ATMs in Vietnam
Despite the fact that you can choose to bank in either U.S. dollars or Vietnamese dong, and while both currencies are accepted in most establishments, ATMs will only dispense Vietnamese dong. The current maximum withdrawal amount is 4 million VND. A 20,000 VND surcharge is usually added if you are withdrawing from a bank other than your own. ANZ ATMs offer a much larger withdrawal amount, while other banks limit their withdrawal amount to 2 million VND. You can immediately go back for more cash, but make sure it is within the withdrawal amount your bank allows.
Vietcombank has the best ATM network in the country, Agribank, Vietin Bank and Sacombank are also well linked across Vietnam. Most branches will have a leaflet with a list of their ATMs all over the country.
You should also advise your bank at home if you are planning on using ATMs in Vietnam, as ATMs use the magnetic strip rather than chip and pin technology. Please note that many businesses will not accept torn notes, so be careful when you receive your cash and make sure that none of the notes are badly damaged.
Visa, Mastercard and JCB are now widely accepted in Vietnam, especially in typically touristy or expat areas. A 3% commission charge is standard and those businesses which accept Amex often add on an extra 4%. HIgher end hotels and restaurants don’t usually add the additional charge.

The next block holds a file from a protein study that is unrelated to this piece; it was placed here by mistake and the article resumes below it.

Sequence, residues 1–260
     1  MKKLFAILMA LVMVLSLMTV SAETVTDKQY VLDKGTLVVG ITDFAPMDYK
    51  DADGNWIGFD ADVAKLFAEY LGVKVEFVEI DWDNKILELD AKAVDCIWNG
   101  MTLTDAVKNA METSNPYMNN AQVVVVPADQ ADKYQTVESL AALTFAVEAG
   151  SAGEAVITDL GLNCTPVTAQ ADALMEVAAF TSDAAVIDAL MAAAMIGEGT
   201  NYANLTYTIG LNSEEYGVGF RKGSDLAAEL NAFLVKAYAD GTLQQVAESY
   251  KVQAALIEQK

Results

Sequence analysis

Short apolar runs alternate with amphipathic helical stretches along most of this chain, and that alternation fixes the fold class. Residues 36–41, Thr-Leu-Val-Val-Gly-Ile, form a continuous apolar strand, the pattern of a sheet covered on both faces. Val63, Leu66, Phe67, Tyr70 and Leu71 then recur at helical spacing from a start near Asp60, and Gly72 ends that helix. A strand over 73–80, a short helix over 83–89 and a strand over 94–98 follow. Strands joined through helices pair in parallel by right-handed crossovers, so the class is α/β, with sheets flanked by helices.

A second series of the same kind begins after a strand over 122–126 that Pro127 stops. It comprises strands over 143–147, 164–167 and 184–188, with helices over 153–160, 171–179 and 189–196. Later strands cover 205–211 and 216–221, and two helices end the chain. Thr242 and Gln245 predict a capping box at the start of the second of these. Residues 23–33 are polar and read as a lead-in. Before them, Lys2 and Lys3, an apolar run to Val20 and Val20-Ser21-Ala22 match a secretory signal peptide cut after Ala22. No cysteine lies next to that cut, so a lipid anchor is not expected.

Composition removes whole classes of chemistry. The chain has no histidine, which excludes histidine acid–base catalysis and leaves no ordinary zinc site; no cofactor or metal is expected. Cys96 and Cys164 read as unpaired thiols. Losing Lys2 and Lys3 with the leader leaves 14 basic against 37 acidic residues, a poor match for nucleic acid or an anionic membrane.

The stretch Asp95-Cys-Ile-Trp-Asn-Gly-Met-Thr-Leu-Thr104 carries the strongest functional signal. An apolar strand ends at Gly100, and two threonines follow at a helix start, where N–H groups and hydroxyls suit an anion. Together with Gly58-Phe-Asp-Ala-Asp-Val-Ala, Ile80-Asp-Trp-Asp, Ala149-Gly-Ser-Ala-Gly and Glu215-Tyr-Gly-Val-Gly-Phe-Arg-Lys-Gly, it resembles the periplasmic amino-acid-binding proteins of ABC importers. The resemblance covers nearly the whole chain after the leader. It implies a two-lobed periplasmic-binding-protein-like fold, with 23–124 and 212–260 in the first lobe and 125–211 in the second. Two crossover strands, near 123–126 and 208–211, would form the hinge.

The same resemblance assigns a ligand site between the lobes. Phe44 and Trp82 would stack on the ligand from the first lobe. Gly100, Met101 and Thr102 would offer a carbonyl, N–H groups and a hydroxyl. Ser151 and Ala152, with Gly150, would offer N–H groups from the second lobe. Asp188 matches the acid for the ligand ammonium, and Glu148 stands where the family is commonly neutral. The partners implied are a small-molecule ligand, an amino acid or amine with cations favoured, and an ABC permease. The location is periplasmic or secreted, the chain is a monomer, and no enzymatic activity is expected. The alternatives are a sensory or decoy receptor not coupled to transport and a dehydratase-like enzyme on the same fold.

For a cash advance using one of the above cards, you can visit most Vietcombank branches in big cities, and some foreign banks in Hanoi or HCM. If you are opening a Vietnamese bank account it is relatively easy to apply for a credit card at the same time. Please refer to our article on opening an account for more information.
Exchanging money in Vietnam
The black market operates quite liberally in Vietnam, so many shops will happily exchange money, usually dong for dollar or vice versa. While it is officially illegal, the law enforcement is virtually nonexistent, and ironically, exchange rates are usually worse on the black market than in official exchangers. You are thus better off exchanging money at a legal and legitimate exchanger, because the only benefit of the black market is the convenience of being able to
choose when and where you exchange your money.
If you are confronted by people on the street offering to exchange money for a better rate than the official one, it is too good to be true. Either by short-changing you, giving you fake notes or tricking you with the domination of notes, you will be the victim of a scam, so you should avoid these street exchangers at all costs.